Value Stream Management looks in the rear-view mirror

VSM involves people in the organization examining workflows and other processes to ensure they derive the maximum value from their efforts while eliminating waste — resources, time, and assets. 

The problem with VSM? It’s essentially a flavor of DevOps with backward visualization (BI.) It takes a long time to develop and implement since it requires things to be unnaturally strung together. When you embark on a VSM journey, buckle up and prepare for the herculean and expensive effort of change management to unwind the years of poorly integrated (or perhaps not integrated at all) tools, processes, and teams. 

Can you imagine spending all that time and money on implementing VSM only to still have these outcomes:

  • 51 percent of features delivered late
  • 47 percent of projects go over budget
  • 38 percent of projects failed to meet goals
  • $100M lost every year due to failed software delivery 

Teams use agile, DevOps, VSM, and the best technology in the hopes to eliminate these surprises and misalignment in the business -- yet it keeps happening. 

We really need the concept of looking at workstreams in terms of how they drive customer value that VSM promises but in a way that proactively de-risks your outcomes rather than merely responding to your risks as they emerge. We also need to get smarter about aggregating all the data available to us and analyzing it in a meaningful way without the overhead that comes with VSM. 

Value Stream intelligence builds trust, improves reliability, and delivers value 

When things are more predictable, outcomes flourish. Rather than looking into the rearview mirror, software companies need to proactively de-risk their outcomes. 

VSM requires a thorough and complete implementation to be effective, which means it takes a long time to see the value. The intelligence layer provided by Value Stream Intelligence (VSI) expects data to be imperfect and can fill in the gaps between systems without the implementation overhead. With automatic, intelligent analysis of a team’s historical data, software organizations can more predictably ship software that aligns customer value with forecasting and risk alerts to proactively respond to changing delivery efforts.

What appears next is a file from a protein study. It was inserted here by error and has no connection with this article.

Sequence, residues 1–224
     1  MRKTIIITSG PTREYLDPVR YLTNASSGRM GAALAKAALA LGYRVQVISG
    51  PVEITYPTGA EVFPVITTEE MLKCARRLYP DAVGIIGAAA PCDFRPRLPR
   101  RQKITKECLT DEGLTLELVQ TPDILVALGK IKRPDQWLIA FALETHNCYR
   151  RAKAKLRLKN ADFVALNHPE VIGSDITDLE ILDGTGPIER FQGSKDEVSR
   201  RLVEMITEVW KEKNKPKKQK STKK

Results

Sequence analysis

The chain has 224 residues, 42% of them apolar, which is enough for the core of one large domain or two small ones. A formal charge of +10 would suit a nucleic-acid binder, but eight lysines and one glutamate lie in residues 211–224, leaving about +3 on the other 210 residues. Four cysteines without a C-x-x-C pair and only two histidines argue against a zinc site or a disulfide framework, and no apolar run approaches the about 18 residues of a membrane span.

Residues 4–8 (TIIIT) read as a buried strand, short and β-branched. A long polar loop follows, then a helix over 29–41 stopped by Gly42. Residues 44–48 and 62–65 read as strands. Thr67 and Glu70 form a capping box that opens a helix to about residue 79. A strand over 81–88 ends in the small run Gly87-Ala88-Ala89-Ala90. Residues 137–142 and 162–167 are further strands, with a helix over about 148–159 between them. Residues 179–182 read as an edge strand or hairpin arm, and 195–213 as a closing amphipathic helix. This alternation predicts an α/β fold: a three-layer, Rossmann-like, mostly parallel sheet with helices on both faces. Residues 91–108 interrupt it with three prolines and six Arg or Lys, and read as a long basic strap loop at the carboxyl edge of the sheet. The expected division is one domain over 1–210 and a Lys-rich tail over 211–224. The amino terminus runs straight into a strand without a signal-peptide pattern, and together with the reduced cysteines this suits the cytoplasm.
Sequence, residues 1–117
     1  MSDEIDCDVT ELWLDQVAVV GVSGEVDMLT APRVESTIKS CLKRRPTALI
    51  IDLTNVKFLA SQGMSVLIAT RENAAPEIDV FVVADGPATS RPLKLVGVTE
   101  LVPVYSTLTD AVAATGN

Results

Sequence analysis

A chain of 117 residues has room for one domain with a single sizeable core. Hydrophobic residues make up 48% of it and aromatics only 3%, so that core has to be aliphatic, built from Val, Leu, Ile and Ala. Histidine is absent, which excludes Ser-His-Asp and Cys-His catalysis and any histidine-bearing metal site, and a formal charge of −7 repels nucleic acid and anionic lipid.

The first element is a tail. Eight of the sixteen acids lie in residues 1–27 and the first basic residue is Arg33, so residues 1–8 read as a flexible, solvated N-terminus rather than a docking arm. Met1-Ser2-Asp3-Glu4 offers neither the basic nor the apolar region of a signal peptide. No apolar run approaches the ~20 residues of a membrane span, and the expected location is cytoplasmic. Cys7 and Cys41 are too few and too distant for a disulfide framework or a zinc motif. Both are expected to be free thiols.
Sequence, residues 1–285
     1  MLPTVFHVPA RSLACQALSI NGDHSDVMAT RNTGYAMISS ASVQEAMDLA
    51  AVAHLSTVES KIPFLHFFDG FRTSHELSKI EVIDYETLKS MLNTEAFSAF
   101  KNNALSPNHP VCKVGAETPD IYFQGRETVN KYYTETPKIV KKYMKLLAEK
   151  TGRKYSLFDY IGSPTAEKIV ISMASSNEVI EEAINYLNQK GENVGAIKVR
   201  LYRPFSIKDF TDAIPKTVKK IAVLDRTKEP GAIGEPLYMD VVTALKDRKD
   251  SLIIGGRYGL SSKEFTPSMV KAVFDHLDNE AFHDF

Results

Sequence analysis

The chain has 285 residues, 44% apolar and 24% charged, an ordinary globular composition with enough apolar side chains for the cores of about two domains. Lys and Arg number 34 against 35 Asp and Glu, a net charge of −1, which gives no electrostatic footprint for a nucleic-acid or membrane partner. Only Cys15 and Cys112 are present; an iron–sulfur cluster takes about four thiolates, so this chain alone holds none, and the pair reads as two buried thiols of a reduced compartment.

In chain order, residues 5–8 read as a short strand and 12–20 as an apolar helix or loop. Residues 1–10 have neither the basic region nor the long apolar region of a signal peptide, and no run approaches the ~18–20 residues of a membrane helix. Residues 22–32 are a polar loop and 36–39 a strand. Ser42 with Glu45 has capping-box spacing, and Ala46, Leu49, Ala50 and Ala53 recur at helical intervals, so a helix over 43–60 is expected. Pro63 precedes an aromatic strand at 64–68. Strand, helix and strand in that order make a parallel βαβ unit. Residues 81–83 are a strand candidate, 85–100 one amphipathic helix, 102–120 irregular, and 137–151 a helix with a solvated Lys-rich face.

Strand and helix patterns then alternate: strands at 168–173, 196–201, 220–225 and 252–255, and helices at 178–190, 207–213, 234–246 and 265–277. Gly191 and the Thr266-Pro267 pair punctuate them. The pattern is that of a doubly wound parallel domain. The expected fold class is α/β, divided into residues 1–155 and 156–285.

With VSI, you aren’t adding in a new methodology or tool in your stack so there is no additional investment in process change other than turning to real-time dashboards to understand:

  • What work is happening?
  • When will work be completed?
  • Where are the bottlenecks that we need to unblock to reach our target delivery dates? 
  • If we are getting better over time?

By tapping into the historical data that already exists in your SDLC and using more intelligent technology to make sense of that data, you can connect engineering output with business outcomes and customer value easier than ever before. 


The functionality you can expect from a VSI Platform:
  • No process change or manipulation of data to receive value.
  • Proactive risk alerts that deliver pivotal information to the team at the most impactful moments.
  • Contextual metrics across the SDLC that improve the team and individual productivity.
  • Intelligent forecasting insights from across your SDLC to surface roadblocks and estimates software delivery dates. 
  • Shareable dashboards that align all levels of management and roles. 

With VSI, your org can march forward into a new paradigm of delivering value to the customer. One where software is a change agent for the business, enabling your business to be driving towards results, not looking back, wondering what transpired to land you where you are today. 

If you are interested in learning more about what a VSI platform or Allstacks can do you for, here are some additional resources: